Musicians in two African nations are joining forces with Ipas and other reproductive rights advocates to raise awareness about the dangers of unsafe abortion.
In Malawi, the Coalition for the Prevention of Unsafe Abortion (COPUA) collaborated with 11 Malawian musical artists to produce Amayi Akuferanji, an album of reggae, hip-hop and songs from other musical genres highlighting the need for women’s access to safe, legal abortion care.
Ipas Ghana and the Musicians Union of Ghana (MUSIGA) are equally teaming up to encourage musicians to learn about women’s reproductive rights and to use their creative skills and popular influence to spread that knowledge through music.
At a recent workshop organized by Ipas Ghana and MUSIGA, 80 musicians and others in the music industry heard from speakers including Dzifa Gomashie, Ghana’s deputy minister of Tourism, Culture and Creative Arts; Deborah Freeman, MUSIGA’s general secretary; and Ipas Ghana’s country leader, Dr. Koma Jehu-Appiah, who spoke about the need to eliminate the stigma associated with abortion and to raise public awareness that safe, legal abortions are available in Ghana. The first in a three-part series, the workshop also explored ways to infuse issues of women’s reproductive health into song lyrics.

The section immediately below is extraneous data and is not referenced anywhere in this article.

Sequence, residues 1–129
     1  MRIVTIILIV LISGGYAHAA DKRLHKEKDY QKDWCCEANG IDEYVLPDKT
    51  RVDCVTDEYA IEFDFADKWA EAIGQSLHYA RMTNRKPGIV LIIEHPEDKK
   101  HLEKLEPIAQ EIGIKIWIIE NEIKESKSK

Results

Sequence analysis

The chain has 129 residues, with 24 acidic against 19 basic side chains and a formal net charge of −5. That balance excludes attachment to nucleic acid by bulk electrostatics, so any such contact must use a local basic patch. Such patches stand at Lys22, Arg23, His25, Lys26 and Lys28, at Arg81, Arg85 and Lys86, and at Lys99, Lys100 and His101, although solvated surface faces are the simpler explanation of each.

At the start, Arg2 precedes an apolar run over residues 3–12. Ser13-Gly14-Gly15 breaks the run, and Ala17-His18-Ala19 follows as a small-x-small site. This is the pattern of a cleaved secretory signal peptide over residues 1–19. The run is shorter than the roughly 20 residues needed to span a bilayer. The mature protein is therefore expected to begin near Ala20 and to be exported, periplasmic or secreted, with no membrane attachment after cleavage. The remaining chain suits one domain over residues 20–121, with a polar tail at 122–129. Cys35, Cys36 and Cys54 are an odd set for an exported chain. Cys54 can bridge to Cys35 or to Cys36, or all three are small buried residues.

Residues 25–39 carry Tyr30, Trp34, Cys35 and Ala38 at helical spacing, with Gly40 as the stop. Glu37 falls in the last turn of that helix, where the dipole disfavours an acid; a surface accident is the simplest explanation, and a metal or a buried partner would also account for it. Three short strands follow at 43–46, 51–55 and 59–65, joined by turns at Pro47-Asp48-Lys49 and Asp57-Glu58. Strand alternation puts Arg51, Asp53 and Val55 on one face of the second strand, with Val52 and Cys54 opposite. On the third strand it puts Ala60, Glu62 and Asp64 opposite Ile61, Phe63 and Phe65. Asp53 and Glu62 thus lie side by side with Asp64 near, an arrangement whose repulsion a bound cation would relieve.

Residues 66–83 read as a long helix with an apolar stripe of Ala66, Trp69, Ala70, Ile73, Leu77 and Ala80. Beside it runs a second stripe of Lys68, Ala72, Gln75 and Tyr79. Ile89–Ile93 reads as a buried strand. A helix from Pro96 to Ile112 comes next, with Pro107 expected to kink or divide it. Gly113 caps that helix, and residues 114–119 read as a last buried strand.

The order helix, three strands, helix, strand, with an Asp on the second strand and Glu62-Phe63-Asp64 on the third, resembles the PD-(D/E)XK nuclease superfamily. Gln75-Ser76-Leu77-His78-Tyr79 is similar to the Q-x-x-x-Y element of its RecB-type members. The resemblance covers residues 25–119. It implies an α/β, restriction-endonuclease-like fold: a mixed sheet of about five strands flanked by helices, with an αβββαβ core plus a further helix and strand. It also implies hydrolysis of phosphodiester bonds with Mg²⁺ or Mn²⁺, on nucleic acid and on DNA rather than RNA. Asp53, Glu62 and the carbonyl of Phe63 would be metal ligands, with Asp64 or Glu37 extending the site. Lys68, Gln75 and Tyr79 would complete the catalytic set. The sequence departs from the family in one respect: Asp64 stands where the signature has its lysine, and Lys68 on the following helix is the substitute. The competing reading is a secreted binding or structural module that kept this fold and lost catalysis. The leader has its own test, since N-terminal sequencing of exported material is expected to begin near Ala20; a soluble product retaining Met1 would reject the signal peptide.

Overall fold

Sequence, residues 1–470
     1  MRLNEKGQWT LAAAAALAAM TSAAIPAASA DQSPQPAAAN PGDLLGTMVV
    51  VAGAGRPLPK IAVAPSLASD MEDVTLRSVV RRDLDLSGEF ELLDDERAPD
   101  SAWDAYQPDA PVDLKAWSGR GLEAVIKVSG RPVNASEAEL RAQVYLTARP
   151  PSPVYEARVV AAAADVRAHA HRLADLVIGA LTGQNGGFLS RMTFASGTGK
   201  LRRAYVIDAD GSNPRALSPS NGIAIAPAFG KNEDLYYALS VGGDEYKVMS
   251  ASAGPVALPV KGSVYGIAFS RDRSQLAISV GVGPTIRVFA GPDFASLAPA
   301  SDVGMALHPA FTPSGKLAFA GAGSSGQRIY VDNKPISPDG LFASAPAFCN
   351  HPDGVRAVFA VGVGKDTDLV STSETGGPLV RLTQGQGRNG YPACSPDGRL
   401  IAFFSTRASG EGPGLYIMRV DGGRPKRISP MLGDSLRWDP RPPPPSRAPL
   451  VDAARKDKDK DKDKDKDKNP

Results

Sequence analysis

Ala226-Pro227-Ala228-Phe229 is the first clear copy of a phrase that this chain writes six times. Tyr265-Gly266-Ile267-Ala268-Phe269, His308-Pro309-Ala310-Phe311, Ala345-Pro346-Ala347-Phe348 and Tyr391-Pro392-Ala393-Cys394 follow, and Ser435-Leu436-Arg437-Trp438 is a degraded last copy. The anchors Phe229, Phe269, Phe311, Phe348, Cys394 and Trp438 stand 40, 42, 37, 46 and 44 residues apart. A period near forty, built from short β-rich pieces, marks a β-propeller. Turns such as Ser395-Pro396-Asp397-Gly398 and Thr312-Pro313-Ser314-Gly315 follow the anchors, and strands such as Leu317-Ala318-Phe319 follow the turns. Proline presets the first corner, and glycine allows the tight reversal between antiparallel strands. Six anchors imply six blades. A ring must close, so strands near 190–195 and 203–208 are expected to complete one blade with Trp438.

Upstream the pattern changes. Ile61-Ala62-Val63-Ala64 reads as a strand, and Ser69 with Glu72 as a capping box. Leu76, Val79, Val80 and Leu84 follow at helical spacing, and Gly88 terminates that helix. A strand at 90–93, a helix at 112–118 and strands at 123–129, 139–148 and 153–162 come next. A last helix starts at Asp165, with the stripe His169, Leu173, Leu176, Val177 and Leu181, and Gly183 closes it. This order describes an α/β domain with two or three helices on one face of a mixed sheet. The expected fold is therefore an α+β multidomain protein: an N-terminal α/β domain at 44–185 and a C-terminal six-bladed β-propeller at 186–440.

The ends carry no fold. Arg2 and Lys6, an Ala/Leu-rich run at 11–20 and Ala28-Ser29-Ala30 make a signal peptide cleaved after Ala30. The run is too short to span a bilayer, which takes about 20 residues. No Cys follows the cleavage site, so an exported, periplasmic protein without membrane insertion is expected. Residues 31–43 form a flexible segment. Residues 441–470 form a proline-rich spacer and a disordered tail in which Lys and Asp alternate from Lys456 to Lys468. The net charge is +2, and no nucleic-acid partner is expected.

In Malawi, where abortion is legal only to save a woman’s life, Ipas is working with COPUA and other women’s health and rights advocates for legal reform to permit broader access to care. Under the current restrictive law, tens of thousands of women each year resort to risky procedures to terminate unwanted pregnancies, often resulting in serious complications or death.